Reviewing our experiences with retail and restaurants is commonplace--we do it all the time. Perhaps it's not surprising, then, that more and more of us are taking the opportunity to share our opinions of our health care.
That meal you had at a fantastic restaurant.The lackluster service that came with your oil change.The beautiful selection at a local boutique. Reviewing our experiences with retail and restaurants is commonplace—we do it all the time. Perhaps it’s not surprising, then, that more and more of us are taking the opportunity to share our opinions of our health care.
In general, patient nave increased infuence and power in the digital age. There are more choices—so consumers mindful of cost can simply find new facilities and doctors to trust with their care. Patient satisfaction now has a dollar value too.The federal government (http://tinyurl.com/jschvaw) is factoring in patient survey data to determine Medicare reimbursements to hospitals.There are more forums in which to be heard—from traditional social media sites like Twitter to health-specific review spaces like Vitals—and more evidence that suggests these sites matter. In fact, in one survey (http:lltinyurl.com/hkqzh6d), 42 percent of patients reported using online reviews, and almost 50 percent indicated they would go out-of-network for a doctor with positive reviews. In Reputation.com’s own analysis, reviews of doctors, nurses, hospitals, and other care providers are increasing at an astonishing rate: 50 percent year over year since 2012.
Here’s what else Reputation.com's analysis of thousands of reviews revealed about patient feedback:
Patients want to be heard. In a sentiment analysis of review content, patients prized attentiveness above compassion and even competence. It was the number-one quality that left patients feeling the most positive about their care. The smartest health-care practitioners invest time during each visit to really pay attention to what patients are sharing with them.They’re sitting and looking patients in the eye.They’re asking relevant follow- up questions based on what they’re hearing.These health-care providers are active listeners, using even subtle signals—like nodding and leaning in—to send a message: I care.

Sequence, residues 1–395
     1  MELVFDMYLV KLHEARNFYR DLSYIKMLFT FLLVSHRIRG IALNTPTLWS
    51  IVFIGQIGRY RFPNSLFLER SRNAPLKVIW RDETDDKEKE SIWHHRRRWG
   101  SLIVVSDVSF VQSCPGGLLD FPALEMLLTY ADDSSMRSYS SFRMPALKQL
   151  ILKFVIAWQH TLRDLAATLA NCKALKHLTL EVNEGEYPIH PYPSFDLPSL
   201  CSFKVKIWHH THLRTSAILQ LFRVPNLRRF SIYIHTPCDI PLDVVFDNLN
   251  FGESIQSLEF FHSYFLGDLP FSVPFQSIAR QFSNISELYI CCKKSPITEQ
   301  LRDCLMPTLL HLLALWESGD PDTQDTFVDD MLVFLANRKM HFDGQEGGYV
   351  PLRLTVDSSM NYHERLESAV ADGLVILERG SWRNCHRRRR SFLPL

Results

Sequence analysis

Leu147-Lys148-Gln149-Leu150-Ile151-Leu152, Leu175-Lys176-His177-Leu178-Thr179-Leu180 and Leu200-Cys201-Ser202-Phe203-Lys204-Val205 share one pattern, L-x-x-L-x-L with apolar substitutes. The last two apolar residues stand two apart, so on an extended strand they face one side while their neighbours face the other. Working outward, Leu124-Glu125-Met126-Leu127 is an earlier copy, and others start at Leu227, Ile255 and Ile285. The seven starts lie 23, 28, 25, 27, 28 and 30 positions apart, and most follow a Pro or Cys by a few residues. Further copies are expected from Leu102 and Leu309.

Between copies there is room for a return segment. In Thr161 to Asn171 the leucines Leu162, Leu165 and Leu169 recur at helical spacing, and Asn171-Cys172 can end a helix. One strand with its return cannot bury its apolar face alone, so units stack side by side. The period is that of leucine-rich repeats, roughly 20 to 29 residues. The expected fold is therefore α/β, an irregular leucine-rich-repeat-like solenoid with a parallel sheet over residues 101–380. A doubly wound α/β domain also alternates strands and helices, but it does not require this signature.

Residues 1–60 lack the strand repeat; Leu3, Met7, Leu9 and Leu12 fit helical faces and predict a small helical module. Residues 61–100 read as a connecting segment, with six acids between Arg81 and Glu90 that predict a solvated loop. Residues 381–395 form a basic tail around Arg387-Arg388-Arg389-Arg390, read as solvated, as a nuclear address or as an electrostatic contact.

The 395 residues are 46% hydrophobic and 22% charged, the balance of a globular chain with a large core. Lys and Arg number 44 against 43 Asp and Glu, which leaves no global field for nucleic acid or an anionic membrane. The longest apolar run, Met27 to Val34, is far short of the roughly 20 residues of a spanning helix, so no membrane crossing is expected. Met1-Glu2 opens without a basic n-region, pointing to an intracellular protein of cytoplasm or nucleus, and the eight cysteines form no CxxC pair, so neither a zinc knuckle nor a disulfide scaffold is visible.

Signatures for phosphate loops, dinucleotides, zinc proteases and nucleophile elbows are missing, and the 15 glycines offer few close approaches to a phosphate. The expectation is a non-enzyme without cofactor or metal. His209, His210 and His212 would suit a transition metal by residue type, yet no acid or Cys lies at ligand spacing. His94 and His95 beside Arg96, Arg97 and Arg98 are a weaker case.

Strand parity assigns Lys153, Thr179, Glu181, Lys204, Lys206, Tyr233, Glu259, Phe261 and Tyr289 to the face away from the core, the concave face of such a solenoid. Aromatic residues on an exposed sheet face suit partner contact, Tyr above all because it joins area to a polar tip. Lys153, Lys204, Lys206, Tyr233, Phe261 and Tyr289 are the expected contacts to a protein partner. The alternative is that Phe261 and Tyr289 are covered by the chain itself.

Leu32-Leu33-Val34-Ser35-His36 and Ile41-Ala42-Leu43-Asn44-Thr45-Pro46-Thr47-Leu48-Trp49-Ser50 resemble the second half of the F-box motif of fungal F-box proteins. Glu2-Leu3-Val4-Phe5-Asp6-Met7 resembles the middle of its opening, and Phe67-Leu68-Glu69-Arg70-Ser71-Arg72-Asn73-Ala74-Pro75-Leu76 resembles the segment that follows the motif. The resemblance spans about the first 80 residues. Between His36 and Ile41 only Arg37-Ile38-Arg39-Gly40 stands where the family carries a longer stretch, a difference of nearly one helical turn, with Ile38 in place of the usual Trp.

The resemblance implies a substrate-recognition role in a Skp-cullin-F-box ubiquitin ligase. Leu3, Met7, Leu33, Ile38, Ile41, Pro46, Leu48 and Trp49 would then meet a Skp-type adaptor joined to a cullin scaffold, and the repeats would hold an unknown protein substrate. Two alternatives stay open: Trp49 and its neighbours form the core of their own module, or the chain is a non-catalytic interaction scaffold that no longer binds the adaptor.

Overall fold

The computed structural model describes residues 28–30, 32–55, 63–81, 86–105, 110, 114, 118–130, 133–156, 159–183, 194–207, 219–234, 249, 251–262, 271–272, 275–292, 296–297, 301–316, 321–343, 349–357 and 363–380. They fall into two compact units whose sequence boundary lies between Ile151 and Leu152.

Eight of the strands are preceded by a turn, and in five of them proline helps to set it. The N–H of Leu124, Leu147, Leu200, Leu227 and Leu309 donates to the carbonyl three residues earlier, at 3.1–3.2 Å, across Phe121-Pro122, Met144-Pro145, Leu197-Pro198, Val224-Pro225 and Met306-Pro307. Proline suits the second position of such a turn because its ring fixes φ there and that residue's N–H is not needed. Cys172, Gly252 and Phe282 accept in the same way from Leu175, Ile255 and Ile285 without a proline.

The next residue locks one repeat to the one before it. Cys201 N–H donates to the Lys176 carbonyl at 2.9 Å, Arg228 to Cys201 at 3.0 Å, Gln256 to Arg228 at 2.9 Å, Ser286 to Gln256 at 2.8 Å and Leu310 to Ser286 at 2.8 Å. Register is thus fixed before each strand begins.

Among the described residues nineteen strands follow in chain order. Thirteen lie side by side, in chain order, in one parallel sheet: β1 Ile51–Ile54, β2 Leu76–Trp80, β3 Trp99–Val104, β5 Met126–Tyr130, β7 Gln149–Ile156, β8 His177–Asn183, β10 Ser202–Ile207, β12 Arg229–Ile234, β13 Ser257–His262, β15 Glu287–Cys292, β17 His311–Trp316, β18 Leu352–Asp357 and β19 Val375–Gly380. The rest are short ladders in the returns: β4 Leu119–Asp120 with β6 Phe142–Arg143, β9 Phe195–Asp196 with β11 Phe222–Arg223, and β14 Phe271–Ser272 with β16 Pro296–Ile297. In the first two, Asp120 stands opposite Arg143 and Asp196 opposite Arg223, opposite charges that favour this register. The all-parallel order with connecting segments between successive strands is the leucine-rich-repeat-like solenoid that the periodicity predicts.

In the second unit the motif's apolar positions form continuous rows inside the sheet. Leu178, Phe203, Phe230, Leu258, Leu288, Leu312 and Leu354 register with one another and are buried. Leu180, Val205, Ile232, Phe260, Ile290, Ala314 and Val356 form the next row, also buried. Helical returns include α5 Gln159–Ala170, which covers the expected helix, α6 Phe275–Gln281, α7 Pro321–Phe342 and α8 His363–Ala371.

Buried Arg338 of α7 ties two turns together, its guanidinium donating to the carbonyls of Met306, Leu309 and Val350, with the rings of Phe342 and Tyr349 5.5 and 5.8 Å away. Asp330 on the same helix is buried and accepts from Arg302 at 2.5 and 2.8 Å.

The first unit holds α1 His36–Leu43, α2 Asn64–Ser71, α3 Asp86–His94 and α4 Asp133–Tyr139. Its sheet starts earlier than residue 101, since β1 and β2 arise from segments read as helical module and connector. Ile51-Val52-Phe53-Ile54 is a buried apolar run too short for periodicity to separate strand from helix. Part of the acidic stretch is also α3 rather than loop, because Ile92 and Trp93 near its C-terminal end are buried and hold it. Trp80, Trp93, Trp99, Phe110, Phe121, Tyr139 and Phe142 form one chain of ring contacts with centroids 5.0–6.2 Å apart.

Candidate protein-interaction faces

Doctors are typically top of mind for patients. Reviews that focus on doctors outnumber those that emphasize nurses, three to one. For most patients, that makes sense. Although nurses are very important and also have an impact on review feedback, the physician is the star of the health-care show. He or she is the main event, the trusted source of information—and medicine— that will make it all better.That’s why hospital administrators and clinic managers should sit up and pay attention—because the patient-doctor experience will have a disproportional impact on a facility’s reviews. For solo practitioners or small medical practices, it’s even more critical to make sure patients get the best of care, since they won’t have other staff reviews to counteract negative reviews. In either situation, more emphasis on holding physicians to a high standard of patient conduct and care is warranted.
Reviews differ, depending on a patient’s level of illness. Patients with significant medical issues tend to be more satisfied with their care—60 percent leave positive reviews as compared to those with minor medical problems. Just 47 percent of people with these less significant issues felt their health care warranted positive mentions, often writing about more than just the outcome of their care, but also the holistic experience (for example, the wait time to be seen, the lines at the pharmacy, the attitude of the office staff).This makes sense: doctors tend to spend more time with patients who have serious illnesses, because these individuals need more attention to ensure the right diagnosis and follow-up care. Physicians have a finite amount of time in each day, so it’s probably true that easily treated conditions are given only the time they warrant to diagnose treatment and move on.
Despite consistent growth, most patients aren’t writing reviews (yet). Sharing perspective on ones health-care experience is a rapidly growing trend in the review space. But despite this growth, most providers still don’t have any reviews—essentially a black hole for people looking for solid information. Of those providers who have reviews, most will have 10 reviews or fewer—and the tenor of this feedback is primarily positive. But it’s clear that both the volume and the tone will change as leaving a review for a clinic visit becomes as routine as rating a cheeseburger joint. Smart health-care providers are beginning to find unobtrusive, privacy-compliant ways to solicit online feedback from patients.
This may include a link to a quick survey embedded in a generic post- appointment e-mail——or even directly asking patients to fill out a survey as part of an after-visit follow-up. Still others are proactively asking patients to accurately recount and rate their experiences on relevant review sites like Vitals and Healthgrades. More reviews mean higher credibility and, for most practitioners, a stronger overall rating. For patients researching caregivers, low numbers of reviews are not as useful as a strong showing, so content should be taken as one data point among many to consider. Keep an open mind.
Contributed by Reputation.com for Business, a platform that supports proactively engaging your patients, obtaining more accurate reviews, deploying surveys, and analyzing them to understand where you ‘re doing well and areas for improvement. For more information about their services call (650) 381-3075 or go to firstname.lastname@example.org.